Selling through a third-party marketplace may seem fairly low-risk, but the costs can add up quickly - particularly if you're paying the online store to warehouse products that aren't selling, if you're shipping bulky items, or face issues like product returns. There are also issues with cashflow, as most retain income derived from purchases for a certain amount of time to allow for returns and other possible expenses.
One user on the consumer review website HelloPeter complained that despite making sales on Takealot's marketplace, any profits were "eaten away" by additional storage fees. "There are listing fees for each product, handling fees, success fees and now double up storage fees. This is not worth using as a service," the review reads.
Some sellers have also pointed to draconian marketplace rules that make operating in those spaces particularly volatile for small businesses. Many marketplaces, for example, release payments into an online account, which businesses can only draw from after a certain period of time. In some cases, sellers may also not receive payments for goods for up to a month.
Returns are also a contentious issue. Sellers are often responsible for costs associated with returned items, but some are allegedly erroneously accepted as returns despite product and packaging damage. Takealot has allegedly acknowledged in an online complaint that they do encounter situations where returns are incorrectly accepted, but that this is part of the "risk profile" associated with using the platform.
Marko Marketplace is also not without its detractors. One HelloPeter user wrote in 2019 that the service gave him "nothing but headaches" due to poor customer service.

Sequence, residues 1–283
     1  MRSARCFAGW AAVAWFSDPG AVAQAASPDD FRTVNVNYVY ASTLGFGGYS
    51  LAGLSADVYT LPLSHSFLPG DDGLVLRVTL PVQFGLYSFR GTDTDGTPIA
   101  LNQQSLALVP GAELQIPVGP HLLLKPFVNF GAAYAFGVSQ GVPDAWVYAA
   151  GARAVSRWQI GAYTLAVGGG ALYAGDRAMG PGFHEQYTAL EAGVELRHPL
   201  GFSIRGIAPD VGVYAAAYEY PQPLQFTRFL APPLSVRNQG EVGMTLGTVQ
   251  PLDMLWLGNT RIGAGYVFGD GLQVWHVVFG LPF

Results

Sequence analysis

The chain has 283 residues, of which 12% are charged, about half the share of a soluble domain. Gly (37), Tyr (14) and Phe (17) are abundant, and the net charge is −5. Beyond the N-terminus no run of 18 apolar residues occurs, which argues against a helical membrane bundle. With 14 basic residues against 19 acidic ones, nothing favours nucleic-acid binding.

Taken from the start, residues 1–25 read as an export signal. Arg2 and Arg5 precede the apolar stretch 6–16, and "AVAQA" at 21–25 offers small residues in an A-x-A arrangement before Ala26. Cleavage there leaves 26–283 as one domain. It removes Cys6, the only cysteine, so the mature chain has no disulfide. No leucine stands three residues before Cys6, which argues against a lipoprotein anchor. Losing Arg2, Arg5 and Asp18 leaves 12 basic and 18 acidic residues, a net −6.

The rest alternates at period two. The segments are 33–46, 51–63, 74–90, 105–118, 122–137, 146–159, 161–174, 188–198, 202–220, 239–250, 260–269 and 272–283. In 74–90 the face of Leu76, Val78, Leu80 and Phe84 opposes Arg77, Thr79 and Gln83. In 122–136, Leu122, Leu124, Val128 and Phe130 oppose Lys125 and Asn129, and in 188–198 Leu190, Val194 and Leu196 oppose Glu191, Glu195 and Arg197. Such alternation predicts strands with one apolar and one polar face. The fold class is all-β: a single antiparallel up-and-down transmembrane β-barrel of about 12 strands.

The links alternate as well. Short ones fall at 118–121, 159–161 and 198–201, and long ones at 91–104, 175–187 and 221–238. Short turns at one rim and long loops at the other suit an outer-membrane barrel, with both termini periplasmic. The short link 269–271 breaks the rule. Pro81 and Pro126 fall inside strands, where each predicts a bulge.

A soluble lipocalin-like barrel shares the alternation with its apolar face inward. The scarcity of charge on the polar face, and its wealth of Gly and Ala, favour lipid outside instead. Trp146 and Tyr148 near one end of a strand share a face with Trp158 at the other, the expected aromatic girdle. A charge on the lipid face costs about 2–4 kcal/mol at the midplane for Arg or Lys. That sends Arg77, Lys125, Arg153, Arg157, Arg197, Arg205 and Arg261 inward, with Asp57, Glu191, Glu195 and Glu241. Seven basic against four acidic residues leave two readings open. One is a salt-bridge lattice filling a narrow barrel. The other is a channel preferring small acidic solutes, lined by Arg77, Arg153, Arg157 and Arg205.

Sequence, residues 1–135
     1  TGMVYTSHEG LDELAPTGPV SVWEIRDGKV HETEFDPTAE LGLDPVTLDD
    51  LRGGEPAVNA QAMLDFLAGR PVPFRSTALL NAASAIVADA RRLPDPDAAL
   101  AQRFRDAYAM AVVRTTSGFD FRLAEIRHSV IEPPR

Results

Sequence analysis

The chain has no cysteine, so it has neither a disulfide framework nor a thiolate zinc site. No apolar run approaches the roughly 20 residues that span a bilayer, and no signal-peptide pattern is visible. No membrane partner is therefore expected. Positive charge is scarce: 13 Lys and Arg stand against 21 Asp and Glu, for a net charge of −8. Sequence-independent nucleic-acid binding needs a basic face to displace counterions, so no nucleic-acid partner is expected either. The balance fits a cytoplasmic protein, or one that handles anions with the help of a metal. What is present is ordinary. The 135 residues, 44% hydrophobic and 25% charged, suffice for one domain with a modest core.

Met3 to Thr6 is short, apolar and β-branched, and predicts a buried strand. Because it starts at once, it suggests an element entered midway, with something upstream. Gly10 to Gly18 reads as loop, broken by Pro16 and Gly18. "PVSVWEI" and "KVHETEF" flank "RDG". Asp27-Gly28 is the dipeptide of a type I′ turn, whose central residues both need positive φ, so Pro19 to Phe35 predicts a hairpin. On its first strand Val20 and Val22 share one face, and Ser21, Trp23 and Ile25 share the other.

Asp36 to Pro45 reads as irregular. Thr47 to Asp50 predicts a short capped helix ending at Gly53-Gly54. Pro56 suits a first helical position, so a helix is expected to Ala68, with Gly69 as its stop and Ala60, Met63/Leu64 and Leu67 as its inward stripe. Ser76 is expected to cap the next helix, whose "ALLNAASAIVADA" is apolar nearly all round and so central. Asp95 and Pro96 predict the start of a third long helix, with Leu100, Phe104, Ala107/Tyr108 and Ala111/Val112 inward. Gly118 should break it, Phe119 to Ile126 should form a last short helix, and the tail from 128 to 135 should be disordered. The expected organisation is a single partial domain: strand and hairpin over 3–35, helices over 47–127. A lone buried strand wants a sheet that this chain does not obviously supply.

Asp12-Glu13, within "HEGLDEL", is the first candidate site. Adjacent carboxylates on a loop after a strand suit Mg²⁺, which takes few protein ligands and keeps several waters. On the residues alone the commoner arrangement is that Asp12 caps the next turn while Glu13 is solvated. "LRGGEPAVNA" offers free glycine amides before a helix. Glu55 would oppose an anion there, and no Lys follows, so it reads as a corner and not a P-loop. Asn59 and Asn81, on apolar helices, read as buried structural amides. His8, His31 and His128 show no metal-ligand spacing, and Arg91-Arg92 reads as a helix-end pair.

Picking a marketplace
Not all marketplaces accept all products, and therefore it's important to pick one that aligns with your target market and will accept your goods. The next considerations are fees, customer service, and a deep dive into payment policies and other important fine print.
But the core consideration is still likely to be visitor numbers. In terms of traffic, Takealot consistently ranks above all other online stores - and is in the top 10 most-visited sites in the country. This also makes it the most competitive marketplace for sellers.
Self-made claims of website traffic and customers should be treated with caution, but Takealot says it offers access to two million active customers; Makro says it receives 1.5 million customer visits per month; and Zando upwards of 3.5 million "visits" per month.
Given the limited scope of third-party marketplaces in South Africa, no one choice is likely to be a perfect solution. But with a few careful calculations and considerations of your product range, there's potential for at least one of the bigger marketplaces to serve as a sound additional channel to add to your business's arsenal.